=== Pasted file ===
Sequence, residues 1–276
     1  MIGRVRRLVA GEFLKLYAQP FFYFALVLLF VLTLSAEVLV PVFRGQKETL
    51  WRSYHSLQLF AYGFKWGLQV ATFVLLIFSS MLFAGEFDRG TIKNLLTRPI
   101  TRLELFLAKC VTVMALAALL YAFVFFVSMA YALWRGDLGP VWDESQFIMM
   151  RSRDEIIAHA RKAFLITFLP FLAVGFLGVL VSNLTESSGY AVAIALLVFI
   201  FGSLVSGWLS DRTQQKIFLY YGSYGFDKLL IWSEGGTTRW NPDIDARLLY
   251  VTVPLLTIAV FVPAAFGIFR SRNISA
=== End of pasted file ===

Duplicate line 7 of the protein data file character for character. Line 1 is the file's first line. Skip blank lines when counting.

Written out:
   251  VTVPLLTIAV FVPAAFGIFR SRNISA